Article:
Back on March 16, 2002 one family saw their lives altered by a errant puck. 13 year-old Brittanie Cecil was struck in the head by a shot off the stick of Blue Jackets star player Espen Knutsen. Knutsen’s shot deflected off a stick and fired into the crowd striking Cecil just above her nose. Two days later she died because of the blow.
Because of that incident, the NHL had safety netting installed in every rink in order to better protect the fans. Both Cecil’s family and Knutsen saw their futures changed because of what happened and yesterday, the two finally met to gain closure over what happened. Mike Wagner of The Columbus Dispatch tells the story of Knutsen’s meeting with Cecil’s mother Jody Naudascher and her family, a sad and touching must-read.
Espen Knutsen, the former Columbus Blue Jackets player who shot the puck that struck Brittanie, embraced the trembling mother the moment he saw her, and the two began the closure that had escaped them both.
“I don’t hold you responsible; I never did,” Naudascher told Knutsen at Nationwide Arena during a private, one-hour meeting. “It was an accident, and you should never have blamed yourself for anything. I wanted to tell you all this back then.”
It’s heart breaking to this day to read about what happened to Brittanie Cecil and just how suddenly and saddening it was to see what happened to her and the rest of her family over such a freak thing. Knutsen’s career in the NHL after that day was never the same as the guilt he held over being the guy who shot the puck that careened into the stands and killed never truly went away.
While it was nagging injuries that led to Knutsen spending his final year in the NHL during the 2003-2004 season playing in just 14 games, you could assume, and perhaps rightly, that his head just wasn’t in it anymore. Knutsen went on to play just a smattering of games over the following year in Sweden before retiring.
It’s hard to see and read about what Cecil’s family have dealt with following Brittanie’s death but it makes you feel better for the human condition to see the Naudascher’s and Knutsen finally come together after eight years to clear the air over that tragic night in Columbus.
Teuvo Teravainen has played both center and right wing over the course of his brief NHL career.
Now, he’s got a new position — left wing — and a pair of shiny new linemates to boot.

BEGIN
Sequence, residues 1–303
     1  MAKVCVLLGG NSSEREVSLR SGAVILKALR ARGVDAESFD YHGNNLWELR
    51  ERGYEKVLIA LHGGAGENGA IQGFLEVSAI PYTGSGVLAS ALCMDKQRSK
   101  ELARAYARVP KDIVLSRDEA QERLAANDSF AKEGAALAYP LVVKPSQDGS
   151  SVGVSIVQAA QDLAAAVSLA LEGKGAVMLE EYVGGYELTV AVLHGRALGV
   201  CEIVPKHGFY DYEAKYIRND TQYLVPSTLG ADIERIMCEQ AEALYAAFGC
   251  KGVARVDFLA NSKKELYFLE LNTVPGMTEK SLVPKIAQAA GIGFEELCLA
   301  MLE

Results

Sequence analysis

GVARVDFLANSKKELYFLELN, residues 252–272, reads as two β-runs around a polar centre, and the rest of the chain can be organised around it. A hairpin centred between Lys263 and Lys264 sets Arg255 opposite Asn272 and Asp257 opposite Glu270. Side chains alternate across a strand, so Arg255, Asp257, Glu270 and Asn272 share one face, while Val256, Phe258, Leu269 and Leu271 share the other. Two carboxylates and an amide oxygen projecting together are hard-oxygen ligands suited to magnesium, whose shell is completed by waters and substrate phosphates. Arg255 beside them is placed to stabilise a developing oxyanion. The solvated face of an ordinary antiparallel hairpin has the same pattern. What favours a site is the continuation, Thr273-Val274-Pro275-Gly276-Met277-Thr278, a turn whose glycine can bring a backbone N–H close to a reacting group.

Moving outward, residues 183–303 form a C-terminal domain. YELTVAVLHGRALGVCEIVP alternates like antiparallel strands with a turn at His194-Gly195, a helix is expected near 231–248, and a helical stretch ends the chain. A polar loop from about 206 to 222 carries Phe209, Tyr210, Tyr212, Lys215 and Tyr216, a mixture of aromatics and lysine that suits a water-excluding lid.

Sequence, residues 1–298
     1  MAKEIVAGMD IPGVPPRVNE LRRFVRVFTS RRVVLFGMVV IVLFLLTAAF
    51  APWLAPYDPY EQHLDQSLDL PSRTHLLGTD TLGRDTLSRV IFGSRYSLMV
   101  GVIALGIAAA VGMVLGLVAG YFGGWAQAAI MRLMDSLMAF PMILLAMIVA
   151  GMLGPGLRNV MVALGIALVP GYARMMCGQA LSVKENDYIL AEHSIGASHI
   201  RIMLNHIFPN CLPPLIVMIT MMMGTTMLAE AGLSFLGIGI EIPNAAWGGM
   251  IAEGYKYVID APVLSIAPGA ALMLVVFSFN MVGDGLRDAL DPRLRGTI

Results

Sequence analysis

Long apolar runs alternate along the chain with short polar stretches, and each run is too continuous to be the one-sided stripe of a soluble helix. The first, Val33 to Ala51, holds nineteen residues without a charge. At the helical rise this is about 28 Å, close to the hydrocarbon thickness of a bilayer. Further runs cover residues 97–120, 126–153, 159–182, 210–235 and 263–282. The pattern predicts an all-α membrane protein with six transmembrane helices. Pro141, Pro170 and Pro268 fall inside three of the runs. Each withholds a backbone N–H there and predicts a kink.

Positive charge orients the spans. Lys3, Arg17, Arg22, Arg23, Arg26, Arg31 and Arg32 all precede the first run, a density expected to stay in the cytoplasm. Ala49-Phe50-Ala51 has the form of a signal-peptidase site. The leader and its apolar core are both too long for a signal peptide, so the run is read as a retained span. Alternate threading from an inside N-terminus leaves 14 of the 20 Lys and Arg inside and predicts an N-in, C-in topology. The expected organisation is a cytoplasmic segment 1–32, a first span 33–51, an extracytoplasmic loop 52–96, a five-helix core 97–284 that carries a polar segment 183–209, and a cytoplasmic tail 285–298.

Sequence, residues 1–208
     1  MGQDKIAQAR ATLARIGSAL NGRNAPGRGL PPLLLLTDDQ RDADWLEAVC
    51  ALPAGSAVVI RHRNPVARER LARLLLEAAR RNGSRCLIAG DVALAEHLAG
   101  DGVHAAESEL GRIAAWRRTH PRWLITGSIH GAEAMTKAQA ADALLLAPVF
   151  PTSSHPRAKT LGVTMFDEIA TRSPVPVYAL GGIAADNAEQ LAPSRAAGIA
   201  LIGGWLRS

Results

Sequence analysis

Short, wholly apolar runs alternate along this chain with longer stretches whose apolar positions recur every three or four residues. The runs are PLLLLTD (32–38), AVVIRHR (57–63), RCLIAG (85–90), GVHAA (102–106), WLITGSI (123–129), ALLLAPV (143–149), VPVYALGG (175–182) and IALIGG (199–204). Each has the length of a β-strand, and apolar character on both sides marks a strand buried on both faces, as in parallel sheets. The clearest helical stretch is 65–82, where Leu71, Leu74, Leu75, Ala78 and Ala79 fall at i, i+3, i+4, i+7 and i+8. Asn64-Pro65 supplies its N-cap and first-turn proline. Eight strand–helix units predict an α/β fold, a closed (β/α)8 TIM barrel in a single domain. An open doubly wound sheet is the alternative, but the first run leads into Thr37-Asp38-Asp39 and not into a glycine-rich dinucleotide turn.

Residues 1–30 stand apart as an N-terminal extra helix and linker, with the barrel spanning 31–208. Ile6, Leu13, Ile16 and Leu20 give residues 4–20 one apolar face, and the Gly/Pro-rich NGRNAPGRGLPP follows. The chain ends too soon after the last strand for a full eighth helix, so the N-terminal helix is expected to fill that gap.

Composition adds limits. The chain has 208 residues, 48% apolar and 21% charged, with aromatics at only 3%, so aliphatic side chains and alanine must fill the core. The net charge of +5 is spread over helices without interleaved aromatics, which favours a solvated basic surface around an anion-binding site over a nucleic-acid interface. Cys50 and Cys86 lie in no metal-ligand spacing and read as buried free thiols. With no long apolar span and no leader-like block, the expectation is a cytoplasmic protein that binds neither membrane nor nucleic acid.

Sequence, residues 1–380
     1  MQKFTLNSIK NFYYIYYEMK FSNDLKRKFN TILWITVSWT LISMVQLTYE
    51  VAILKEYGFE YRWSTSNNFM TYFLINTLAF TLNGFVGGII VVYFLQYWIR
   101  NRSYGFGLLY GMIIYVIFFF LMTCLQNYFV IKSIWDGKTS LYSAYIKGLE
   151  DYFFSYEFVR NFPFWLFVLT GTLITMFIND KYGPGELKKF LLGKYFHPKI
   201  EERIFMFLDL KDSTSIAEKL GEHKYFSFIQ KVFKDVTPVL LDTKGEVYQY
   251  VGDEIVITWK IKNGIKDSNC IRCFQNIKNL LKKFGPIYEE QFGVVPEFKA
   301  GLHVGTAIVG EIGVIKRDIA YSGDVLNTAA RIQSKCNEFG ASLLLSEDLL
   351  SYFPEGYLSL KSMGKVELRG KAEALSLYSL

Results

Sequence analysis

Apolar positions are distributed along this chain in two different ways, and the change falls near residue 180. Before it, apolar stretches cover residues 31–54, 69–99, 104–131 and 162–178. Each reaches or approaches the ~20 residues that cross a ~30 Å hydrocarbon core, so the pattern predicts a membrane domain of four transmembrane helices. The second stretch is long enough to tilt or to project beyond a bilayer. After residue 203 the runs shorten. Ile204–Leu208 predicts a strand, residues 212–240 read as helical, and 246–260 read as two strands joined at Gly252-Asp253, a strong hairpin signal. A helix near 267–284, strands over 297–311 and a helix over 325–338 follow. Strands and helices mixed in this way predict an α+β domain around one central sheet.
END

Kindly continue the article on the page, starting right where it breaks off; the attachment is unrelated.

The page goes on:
Teravainen will open the year playing alongside captain Jonathan Toews and right wing Marian Hossa, per the Sun-Times.
The move could be a boon for the young Finn. Several ex-Chicago wingers thrived playing alongside Toews and Hossa, most notably Brandon Saad and Patrick Sharp.
It’ll be interesting to see what kind of production Teravainen, who just turned 21 last month, can manufacture on Chicago’s top line. His numbers from last year weren’t spectacular (nine points in 34 games), but he did a solid job of racking up points en route to the Stanley Cup, with 10 in 18 games.
It’ll also be interesting to see how long he sticks with Toews and Hossa.
Head coach Joel Quenneville has been known as a frequent user of the line blender, often switching up his combos at at moment’s notice.
That said, Quenneville is hoping to find some stability with this new-look group.
“[Teuvo will] play there to start the season,” he said. “Hopefully, all year.”
Pretty cool story out of Texas, where Mattias Janmark, the 22-year-old rookie that’s played a grand total of nine games in North America, has defied the odds to make the Stars’ opening-night roster.
“It’s a great story,” Dallas GM Jim Nill said, per the Morning News. “We really only planned to have him here for maybe two preseason games and then send him back. But he just kept being one of the best players out there, and he changed our minds.
“It’s a great example of what you can do if you just play hard.”
Nill acquired Janmark, 22, from Detroit at last year’s deadline as part of the Erik Cole trade. Nill was familiar with the Swedish forward from his time with the Wings — he was part of the front office team that drafted Janmark in ’13 — but didn’t think the deal would pay such immediate dividends.
As for Janmark, he didn’t even think he’d be in North America this year.
He has a contract with SHL club Frolunda, where he scored 36 points in 55 games last year. Given he’s barely played in the AHL — a few games with Grand Rapids, a few with Texas — Janmark figured he’d be back in Europe this season.
His strong play in the exhibition season changed all that. Janmark beat out two of Dallas’ touted prospects — former AHL rookie of the year Curtis McKenzie, and ’12 first-rounder Radek Faksa — for a roster spot, and showed good chemistry with third-line center Cody Eakin.
Janmark also performed well on a line with Jason Spezza and Ales Hemsky.